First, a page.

Frontex: MEPs recommend refusing sign-off of 2020 accounts

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This article is brought to you in association with the European Parliament.


Members of the Budgetary Control Committee recommend against clearing the 2020 budget for Frontex, the European Border and Coast Guard agency.

The EP committee refused to grant the so-called “discharge” of the 2020 budget of the EU’s border control agency, Frontex, with 12 votes in favour to 15 against.

In a draft resolution accompanying the decision, adopted by 26 votes to one in a separate vote, MEPs cite as a reason the “magnitude of the committed serious misconduct” and possible structural problems under the previous executive director of the agency, who has resigned on 28 April 2022, following the release of a revealing OLAF report.

MEPs express “shock and deep concern about the case of suicide of a staff member, related to alleged practices of sexual harassment”, and welcome the reopening of this case by the new leadership. They note that 17 cases of sexual harassment in the agency were reported in 2020, of which 15 were closed without follow-up.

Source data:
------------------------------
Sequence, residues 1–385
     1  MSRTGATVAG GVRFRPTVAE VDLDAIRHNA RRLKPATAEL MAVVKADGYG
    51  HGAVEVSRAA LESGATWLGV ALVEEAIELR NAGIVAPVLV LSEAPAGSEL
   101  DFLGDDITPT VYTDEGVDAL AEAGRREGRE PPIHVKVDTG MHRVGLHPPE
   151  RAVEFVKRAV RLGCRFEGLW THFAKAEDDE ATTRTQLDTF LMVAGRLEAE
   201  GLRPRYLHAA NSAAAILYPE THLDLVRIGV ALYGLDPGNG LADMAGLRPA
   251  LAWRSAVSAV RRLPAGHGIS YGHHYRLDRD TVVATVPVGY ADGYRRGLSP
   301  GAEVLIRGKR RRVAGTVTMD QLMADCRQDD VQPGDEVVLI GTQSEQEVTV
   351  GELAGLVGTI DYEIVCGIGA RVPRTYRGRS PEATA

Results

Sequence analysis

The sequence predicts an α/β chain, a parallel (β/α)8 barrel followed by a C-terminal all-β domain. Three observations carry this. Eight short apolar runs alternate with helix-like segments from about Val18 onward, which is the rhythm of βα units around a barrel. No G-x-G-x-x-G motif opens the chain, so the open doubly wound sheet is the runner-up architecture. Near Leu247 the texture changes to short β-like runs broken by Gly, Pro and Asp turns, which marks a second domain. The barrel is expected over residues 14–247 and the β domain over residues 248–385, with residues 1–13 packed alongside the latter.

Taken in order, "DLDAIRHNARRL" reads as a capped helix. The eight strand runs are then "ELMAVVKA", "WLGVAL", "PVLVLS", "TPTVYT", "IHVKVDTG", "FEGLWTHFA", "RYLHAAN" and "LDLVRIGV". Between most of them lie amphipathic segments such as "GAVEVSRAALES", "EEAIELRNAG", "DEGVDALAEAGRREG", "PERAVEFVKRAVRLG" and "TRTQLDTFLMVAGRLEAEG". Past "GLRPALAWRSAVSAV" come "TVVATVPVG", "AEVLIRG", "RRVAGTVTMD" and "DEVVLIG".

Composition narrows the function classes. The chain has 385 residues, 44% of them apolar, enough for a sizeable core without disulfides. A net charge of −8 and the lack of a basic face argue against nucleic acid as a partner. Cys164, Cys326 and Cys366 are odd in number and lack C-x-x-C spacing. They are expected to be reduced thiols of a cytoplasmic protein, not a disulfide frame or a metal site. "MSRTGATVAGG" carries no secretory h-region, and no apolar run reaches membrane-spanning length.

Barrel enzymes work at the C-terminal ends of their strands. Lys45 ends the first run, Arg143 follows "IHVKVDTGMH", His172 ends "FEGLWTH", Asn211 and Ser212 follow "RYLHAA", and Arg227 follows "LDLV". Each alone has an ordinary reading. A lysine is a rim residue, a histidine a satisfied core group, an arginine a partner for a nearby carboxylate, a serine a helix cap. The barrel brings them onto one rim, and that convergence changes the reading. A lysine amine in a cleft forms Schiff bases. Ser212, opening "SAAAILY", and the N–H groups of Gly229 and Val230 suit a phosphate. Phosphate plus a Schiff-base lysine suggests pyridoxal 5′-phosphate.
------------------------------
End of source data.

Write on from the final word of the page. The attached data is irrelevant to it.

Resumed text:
Nevertheless, MEPs welcome the appointment of the new interim Frontex director as of July 2022, as well as the positive changes with respect to the respect of fundamental rights and in the management style within the agency, and the new leadership’s commitment to remedial action.

MEPs welcome the efforts by the new interim executive director to make “the Agency a safe place to work that encourages people to speak up”, and insist on the need to have compulsory training on social harassment for management and staff.

Frontex operations in Hungary and Greece

In their discharge report, MEPs also regret that Frontex has not implemented some of the conditions set out in Parliament’s previous report. In particular, they call for the suspension of Frontex’s support-related activities (returns) in Hungary, given the rule of law situation in the country, and they want a follow-up to the agency’s activities in Greece, where it was, according to reports, carrying out border surveillance operations in sections where, simultaneously, migrant push-backs were taking place.

EESC and Council

With 17 votes in favour, 6 against and 3 abstentions, the committee recommends Parliament grant discharge to the European Economic and Social Committee, after initially having postponed it in May.

As has been the case for more than a decade, MEPs recommend refusing discharge for the Council, due to the institution’s lack of cooperation on the issue, by 25 votes in favour and 1 against.

Next steps

MEPs will vote in plenary on all discharge decisions during the October II siting in Strasbourg.

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